Airports Recover From Chaos After Customs Computer System Outage
Thousands of travelers were stranded at airports during delays and subsequent chaos on Monday evening as the computer system for customs screenings went down in several cities. The system was only out of service for a few hours, from about 5 to 9 p.m., but since it was one of the busiest travel days of the year, the impact was profound. As the computer system for screening people was down, U.S. Customs and Border Protection officers used “alternative procedures” to vet international travelers. The agency’s spokesman Daniel Hetlage said that officers had access to national security databases the whole time and that they screened all travelers properly according to safety standards.
Passengers on more than 30 flights that arrived at Miami International Airport were affected. In Atlanta, the outage “only” lasted for an hour and a half. In Salt Lake City, airport staff didn’t know where to put all the people to wait. “Delta had us all line up after we landed and it took a while before customs was even able to find us a place where we could wait because the airport is so small,” said passenger Jennifer Powers-Johnson to CNN.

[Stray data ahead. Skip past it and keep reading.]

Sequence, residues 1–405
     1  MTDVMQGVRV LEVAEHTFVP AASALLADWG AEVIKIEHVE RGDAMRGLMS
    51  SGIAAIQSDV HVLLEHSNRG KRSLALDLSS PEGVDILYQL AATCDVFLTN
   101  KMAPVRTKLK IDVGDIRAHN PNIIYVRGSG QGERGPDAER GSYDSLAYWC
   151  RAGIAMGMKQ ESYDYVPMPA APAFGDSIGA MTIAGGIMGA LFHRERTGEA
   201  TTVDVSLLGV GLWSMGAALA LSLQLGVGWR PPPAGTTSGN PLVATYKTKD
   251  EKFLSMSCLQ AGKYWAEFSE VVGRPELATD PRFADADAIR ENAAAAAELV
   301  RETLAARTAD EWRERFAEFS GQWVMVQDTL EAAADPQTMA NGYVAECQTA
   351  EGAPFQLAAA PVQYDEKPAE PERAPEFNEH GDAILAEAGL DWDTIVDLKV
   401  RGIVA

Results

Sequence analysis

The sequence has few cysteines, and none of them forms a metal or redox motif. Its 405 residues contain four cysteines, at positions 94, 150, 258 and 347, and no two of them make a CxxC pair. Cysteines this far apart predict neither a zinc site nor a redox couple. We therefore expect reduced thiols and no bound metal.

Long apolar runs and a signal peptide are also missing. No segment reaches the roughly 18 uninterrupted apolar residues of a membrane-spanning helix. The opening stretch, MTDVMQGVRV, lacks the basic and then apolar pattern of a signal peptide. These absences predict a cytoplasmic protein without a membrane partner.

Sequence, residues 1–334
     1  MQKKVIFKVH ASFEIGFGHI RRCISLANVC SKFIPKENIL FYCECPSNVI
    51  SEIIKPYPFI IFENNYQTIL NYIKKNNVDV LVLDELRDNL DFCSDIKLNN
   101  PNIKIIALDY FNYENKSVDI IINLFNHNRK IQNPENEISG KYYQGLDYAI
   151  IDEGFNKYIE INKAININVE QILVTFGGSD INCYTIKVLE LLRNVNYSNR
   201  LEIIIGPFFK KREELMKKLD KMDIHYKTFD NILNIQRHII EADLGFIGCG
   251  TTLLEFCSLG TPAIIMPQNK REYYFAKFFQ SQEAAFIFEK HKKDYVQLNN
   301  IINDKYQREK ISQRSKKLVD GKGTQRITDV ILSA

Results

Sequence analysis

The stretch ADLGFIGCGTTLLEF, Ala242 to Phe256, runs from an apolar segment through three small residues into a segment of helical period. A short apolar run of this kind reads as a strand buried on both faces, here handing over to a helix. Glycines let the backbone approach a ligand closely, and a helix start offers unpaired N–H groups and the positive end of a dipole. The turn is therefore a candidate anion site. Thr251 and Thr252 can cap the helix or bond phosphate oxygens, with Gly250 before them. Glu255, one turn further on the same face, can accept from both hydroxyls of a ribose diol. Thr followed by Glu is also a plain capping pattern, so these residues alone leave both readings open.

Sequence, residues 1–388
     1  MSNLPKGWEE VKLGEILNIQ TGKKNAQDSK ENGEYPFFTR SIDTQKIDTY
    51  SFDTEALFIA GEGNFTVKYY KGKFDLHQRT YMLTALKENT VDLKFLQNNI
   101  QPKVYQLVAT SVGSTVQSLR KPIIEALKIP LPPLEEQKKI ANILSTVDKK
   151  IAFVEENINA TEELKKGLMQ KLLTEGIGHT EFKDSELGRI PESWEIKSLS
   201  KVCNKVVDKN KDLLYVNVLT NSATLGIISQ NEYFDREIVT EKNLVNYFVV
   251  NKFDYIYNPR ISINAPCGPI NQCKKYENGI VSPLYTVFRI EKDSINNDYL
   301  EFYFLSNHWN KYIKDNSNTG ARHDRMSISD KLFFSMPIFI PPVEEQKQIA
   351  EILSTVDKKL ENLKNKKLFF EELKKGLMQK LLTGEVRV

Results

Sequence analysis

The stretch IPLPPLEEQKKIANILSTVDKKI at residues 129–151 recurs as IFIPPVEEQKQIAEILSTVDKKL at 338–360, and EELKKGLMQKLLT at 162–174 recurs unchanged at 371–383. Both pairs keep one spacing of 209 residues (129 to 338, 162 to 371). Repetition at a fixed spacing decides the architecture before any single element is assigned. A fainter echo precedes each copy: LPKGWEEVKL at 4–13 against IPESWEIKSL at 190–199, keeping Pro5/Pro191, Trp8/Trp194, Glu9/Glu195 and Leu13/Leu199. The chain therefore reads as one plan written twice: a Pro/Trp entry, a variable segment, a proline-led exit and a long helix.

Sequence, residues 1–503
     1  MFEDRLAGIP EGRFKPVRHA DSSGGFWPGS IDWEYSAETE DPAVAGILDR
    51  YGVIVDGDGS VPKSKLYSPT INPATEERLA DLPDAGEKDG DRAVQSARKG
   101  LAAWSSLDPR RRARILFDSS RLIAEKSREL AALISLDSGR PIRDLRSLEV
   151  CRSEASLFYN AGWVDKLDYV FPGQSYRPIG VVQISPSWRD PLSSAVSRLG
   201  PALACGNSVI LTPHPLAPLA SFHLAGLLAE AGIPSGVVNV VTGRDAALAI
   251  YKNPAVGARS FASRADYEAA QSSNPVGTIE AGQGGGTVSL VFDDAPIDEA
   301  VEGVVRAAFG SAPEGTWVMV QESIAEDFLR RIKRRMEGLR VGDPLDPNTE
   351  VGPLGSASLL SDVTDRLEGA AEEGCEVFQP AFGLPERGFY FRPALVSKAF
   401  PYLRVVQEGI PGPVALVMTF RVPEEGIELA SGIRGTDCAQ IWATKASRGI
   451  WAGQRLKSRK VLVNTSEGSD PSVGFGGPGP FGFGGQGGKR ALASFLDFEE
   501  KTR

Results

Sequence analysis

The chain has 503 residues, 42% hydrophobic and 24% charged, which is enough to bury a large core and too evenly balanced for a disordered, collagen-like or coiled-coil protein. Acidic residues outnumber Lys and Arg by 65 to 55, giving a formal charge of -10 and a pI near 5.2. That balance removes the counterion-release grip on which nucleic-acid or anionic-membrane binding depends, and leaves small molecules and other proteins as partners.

The problems also hit San Francisco, Boston, Fort Lauderdale, Chicago, Los Angeles, Houston and New York’s JFK Airport. As people were coming back home from the holiday weekend and preparing to go back to school and work the day after, this was not a welcome surprise and many travelers took to Twitter to express their frustration.
— Darrellkc (@hamptonsunset) January 2, 2017
One passenger wrote on Twitter that two people had passed out because of the heat and humidity in the Miami airport.
— Carlos Rico (@carlosrico011) January 2, 2017
According to the New York Daily News, a spokeswoman from the CBP, who remained anonymous, didn’t explain what could have caused the computer glitch, but she said, “CBP officers continue to process international travelers using alternative procedures until systems are back online.” She added that they were “working to process travelers as quickly as possible while maintaining the highest levels of security.” The CBP then sent out a tweet around 10:30 p.m., saying that the system was back online. But by then, most passengers already had been informed, and were delayed or had missed connecting flights.
All airports are back on line after a temporary outage of #CBP’s processing systems. No indication the disruption was malicious in nature.
— CBP (@CustomsBorder) January 3, 2017
Roger Dow, CEO of the U.S. Travel Association, did not think the incident came as a surprise. He said:
What happened at Customs airport checkpoints yesterday is disturbing, but unfortunately it is not surprising. Technology at these facilities is too outdated to cope with existing travel volume, let alone the increased traffic we hope and expect to see at our gateway airports in years to come.
Maybe we all have to prepare for more complicated and lengthy travel procedures in the coming years.